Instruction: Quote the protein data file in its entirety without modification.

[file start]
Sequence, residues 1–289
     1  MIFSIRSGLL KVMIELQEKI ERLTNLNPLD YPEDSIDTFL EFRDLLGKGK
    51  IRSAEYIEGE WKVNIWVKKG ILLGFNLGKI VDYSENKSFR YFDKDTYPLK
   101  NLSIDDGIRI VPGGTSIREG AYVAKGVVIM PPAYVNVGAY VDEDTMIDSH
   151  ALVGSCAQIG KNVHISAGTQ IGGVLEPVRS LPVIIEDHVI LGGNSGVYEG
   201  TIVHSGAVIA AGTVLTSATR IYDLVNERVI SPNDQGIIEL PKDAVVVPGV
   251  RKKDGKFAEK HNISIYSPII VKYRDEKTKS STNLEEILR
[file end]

Sequence, residues 1–289
     1  MIFSIRSGLL KVMIELQEKI ERLTNLNPLD YPEDSIDTFL EFRDLLGKGK
    51  IRSAEYIEGE WKVNIWVKKG ILLGFNLGKI VDYSENKSFR YFDKDTYPLK
   101  NLSIDDGIRI VPGGTSIREG AYVAKGVVIM PPAYVNVGAY VDEDTMIDSH
   151  ALVGSCAQIG KNVHISAGTQ IGGVLEPVRS LPVIIEDHVI LGGNSGVYEG
   201  TIVHSGAVIA AGTVLTSATR IYDLVNERVI SPNDQGIIEL PKDAVVVPGV
   251  RKKDGKFAEK HNISIYSPII VKYRDEKTKS STNLEEILR